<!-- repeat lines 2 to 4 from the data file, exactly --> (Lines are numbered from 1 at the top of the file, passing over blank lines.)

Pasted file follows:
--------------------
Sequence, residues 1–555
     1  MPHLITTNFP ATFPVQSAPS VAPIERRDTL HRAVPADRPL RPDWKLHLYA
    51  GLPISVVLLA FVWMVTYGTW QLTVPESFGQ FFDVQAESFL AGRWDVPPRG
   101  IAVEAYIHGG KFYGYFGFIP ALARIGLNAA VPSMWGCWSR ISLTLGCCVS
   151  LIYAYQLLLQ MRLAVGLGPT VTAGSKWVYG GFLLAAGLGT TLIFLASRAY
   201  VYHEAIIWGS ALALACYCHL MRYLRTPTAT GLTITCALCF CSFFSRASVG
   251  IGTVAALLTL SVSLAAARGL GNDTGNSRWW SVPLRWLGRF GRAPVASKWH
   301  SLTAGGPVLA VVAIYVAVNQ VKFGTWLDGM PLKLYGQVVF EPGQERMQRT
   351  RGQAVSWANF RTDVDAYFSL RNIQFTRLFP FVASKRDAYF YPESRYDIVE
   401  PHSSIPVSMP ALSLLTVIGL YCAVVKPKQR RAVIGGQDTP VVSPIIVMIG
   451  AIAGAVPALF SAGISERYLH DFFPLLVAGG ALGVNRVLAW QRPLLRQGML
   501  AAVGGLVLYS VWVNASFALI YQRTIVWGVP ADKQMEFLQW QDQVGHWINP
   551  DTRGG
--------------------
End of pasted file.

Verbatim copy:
     1  MPHLITTNFP ATFPVQSAPS VAPIERRDTL HRAVPADRPL RPDWKLHLYA
    51  GLPISVVLLA FVWMVTYGTW QLTVPESFGQ FFDVQAESFL AGRWDVPPRG
   101  IAVEAYIHGG KFYGYFGFIP ALARIGLNAA VPSMWGCWSR ISLTLGCCVS